Scientists Of 1975 Predict Today’s World


On Friday we looked back at psychics’ predictions made in the 1975 book The People’s Almanac, forecasting the rest of the 20th century. With New York still above water, cancer uncured, and solar energy pills yet to replace food, the results were somewhat off the mark.

However, the authors of the book also asked scientists for their predictions. Did they do any better? Let’s find out.

James Bonner: [By 1980] Men will be able to direct the growth of human organs; in other words, we might be able to grow new arms, hearts or livers by genetic means. Maybe you will go to the doctor and he will say “Well, I think your heart isn’t so good now. Maybe we had better start growing you a new one. In another 2 or 3 years it will be grown up and we can plumb it in.

Someday it may be possible to replace, through synthesis of brain neurons, the 100,000 neurons in the brain that die every day. The new cells will have to be trained because they will have no memory.

DG Brennan: [By 2018] Computers as sophisticated as the human brain will be small enough to be carried in a shoe box.

It will be literally possible to put an intercontinental ballistic missile down a smokestack from a range of 6,000 miles.

Arthur C Clarke: Centralization of work in cities will become obsolete with improved electronic communication.

It will be possible to radio or cable a letter anywhere in the world in less than a day with privacy assured because of “robot handling at all stages of the operation.”

James F Danielli: It might be possible, with cell transplants, to create a creature that would be part horse, part man. I can’t see any reason for doing it, mind you.

Charles DeCarlo: (De Carlo predicted smaller, faster, self-repairing computers and listed seven likely effects on society, which I’ve paraphrased below)

  • National and international secrecy will be diminished: Nations will share what they know.
  • Wars will be more about strategy because it will be impossible to move large armies undetected.
  • Banking and finance will have more influence on politics.
  • Scientific and educational communities will share computer programs and research in areas such as food production, space exploration and fighting disease.
  • The spread of science through computing will reduce ideological differences as people simply become interested in what works.
  • Technology will widen the gap between developed and less developed nations.
  • Computers will initially prompt governments to take more centralized control, but this will be offset by rising educational levels and mobility of populations.

Orville Freeman: Space satellites 200 or more miles above the surface of the earth will analyze weather, differences in soil, crops and forests, and spot crop damage.

[By 2000] Crops will grow faster and plants will be genetically redesigned so that all their leaves are exposed to sunlight and so that they can live on much less water.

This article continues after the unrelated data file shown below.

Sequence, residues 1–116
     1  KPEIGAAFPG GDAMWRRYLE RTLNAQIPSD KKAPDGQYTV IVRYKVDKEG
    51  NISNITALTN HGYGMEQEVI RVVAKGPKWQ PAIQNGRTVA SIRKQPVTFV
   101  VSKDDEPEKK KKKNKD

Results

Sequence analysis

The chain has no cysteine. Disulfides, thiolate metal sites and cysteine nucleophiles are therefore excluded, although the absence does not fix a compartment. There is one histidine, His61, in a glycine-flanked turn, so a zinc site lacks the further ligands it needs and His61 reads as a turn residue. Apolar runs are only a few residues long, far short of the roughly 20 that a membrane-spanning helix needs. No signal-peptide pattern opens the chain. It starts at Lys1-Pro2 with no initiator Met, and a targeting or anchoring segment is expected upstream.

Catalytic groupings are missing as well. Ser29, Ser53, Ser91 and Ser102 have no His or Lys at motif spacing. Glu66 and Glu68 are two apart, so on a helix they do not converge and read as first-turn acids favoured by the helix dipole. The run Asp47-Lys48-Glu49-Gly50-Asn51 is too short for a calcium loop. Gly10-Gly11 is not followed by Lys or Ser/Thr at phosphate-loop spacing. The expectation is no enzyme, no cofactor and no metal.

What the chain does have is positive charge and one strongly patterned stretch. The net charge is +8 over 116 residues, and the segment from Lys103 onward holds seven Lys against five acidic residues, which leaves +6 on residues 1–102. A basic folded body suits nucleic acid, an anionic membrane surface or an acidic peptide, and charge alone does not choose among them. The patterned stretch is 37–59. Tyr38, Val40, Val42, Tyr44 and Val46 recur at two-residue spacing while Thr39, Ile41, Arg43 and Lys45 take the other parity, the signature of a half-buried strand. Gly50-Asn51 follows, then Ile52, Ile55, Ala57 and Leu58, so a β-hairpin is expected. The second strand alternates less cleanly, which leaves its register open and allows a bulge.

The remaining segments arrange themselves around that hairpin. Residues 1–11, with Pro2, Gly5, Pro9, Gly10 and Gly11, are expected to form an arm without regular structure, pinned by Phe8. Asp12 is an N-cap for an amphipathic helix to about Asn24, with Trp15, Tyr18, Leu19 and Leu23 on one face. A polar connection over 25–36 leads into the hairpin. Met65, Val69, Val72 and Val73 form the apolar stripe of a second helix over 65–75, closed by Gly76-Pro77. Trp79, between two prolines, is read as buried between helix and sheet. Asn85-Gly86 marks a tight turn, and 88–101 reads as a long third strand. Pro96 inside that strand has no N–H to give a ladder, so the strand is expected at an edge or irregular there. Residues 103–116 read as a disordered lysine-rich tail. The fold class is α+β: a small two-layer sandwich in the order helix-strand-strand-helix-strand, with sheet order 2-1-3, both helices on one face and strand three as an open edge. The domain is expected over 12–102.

Theodore J Gordon: [In 1984] More prefabricated foods will be available. More meat analogues and extenders made from soybeans and other vegetable protein sources will masquerade as hamburger and other meat products.

ES Hafez: [By 1990] A woman will be able to walk into a kind of “store” where frozen human embryos are sold in packets and select a baby with specific physical, mental and emotional attributes. Then, she will be able to have the embryo implanted into her uterus by her doctor and in 9 months will give birth to a baby. It will be possible for such embryos to be guaranteed free of genetic defects.

Desmond King-Hele: Three-dimensional color television, with smell, touch and taste added, may be available by the 1990s.

In new cities, transportation will be provided by small publicly-owned electric cars into which the driver can insert a coin for use for a certain number of miles. Roads will be devised so that the driver will not have to “drive” but will, instead, be on automatic pilot.

Vladimir Aleksandrovich Kotelenikov: [In the 21st century] Miniature television sets the size of cigarette packets will be used as everyday videophones. The images they transmit will be able to be transferred to a wall-size screen for greater detail.

John McHale: [By 1990] It will be possible to put information into a computer by talking into it. Three-dimensional television will be developed. The telephone network will be fully digitalized.

Gordon JF MacDonald: A satellite computer system would permit nearly instantaneous transmission of information. For example, the accessibility of financial data banks would change the workings of international trade drastically.

John Pierce: Cable television will bring newspapers directly to homes by wire.

Ithiel De Sola Pool: Information technology will make possible indices of everything, eg public happiness according to race, sex and age; reports of levels of public knowledge; statistics on traffic delays. Such computerized data systems will raise the issue of invasion of privacy.

Computers will be built that will be capable of formulating grammatical sentences in answer to verbal questions and of translating from one language into another.